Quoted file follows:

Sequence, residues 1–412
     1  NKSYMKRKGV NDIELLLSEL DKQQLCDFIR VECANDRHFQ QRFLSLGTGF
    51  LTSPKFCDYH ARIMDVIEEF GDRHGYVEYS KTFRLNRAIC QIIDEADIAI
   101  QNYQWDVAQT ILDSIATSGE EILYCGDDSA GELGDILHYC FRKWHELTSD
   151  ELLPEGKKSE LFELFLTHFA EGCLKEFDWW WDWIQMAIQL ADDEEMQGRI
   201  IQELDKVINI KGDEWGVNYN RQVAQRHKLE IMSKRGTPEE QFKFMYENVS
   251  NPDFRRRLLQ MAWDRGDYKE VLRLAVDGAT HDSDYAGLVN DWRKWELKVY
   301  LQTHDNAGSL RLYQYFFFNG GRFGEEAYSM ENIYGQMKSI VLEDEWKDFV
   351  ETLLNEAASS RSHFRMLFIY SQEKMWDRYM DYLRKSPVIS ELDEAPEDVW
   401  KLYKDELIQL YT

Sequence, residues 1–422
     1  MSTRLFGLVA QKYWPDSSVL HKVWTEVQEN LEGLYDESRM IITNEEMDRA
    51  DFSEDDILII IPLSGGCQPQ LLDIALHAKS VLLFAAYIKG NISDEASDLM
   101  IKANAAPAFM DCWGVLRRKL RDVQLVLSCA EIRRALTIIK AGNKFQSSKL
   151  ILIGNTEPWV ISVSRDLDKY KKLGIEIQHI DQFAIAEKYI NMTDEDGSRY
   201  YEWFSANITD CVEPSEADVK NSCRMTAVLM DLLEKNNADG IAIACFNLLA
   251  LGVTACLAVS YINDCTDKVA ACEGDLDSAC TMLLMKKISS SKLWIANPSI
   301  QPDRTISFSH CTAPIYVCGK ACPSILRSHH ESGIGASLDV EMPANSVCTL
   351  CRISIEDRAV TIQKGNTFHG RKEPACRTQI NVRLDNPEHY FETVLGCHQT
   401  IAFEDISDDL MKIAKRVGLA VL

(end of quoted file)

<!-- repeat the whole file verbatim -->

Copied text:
Sequence, residues 1–412
     1  NKSYMKRKGV NDIELLLSEL DKQQLCDFIR VECANDRHFQ QRFLSLGTGF
    51  LTSPKFCDYH ARIMDVIEEF GDRHGYVEYS KTFRLNRAIC QIIDEADIAI
   101  QNYQWDVAQT ILDSIATSGE EILYCGDDSA GELGDILHYC FRKWHELTSD
   151  ELLPEGKKSE LFELFLTHFA EGCLKEFDWW WDWIQMAIQL ADDEEMQGRI
   201  IQELDKVINI KGDEWGVNYN RQVAQRHKLE IMSKRGTPEE QFKFMYENVS
   251  NPDFRRRLLQ MAWDRGDYKE VLRLAVDGAT HDSDYAGLVN DWRKWELKVY
   301  LQTHDNAGSL RLYQYFFFNG GRFGEEAYSM ENIYGQMKSI VLEDEWKDFV
   351  ETLLNEAASS RSHFRMLFIY SQEKMWDRYM DYLRKSPVIS ELDEAPEDVW
   401  KLYKDELIQL YT

Sequence, residues 1–422
     1  MSTRLFGLVA QKYWPDSSVL HKVWTEVQEN LEGLYDESRM IITNEEMDRA
    51  DFSEDDILII IPLSGGCQPQ LLDIALHAKS VLLFAAYIKG NISDEASDLM
   101  IKANAAPAFM DCWGVLRRKL RDVQLVLSCA EIRRALTIIK AGNKFQSSKL
   151  ILIGNTEPWV ISVSRDLDKY KKLGIEIQHI DQFAIAEKYI NMTDEDGSRY
   201  YEWFSANITD CVEPSEADVK NSCRMTAVLM DLLEKNNADG IAIACFNLLA
   251  LGVTACLAVS YINDCTDKVA ACEGDLDSAC TMLLMKKISS SKLWIANPSI
   301  QPDRTISFSH CTAPIYVCGK ACPSILRSHH ESGIGASLDV EMPANSVCTL
   351  CRISIEDRAV TIQKGNTFHG RKEPACRTQI NVRLDNPEHY FETVLGCHQT
   401  IAFEDISDDL MKIAKRVGLA VL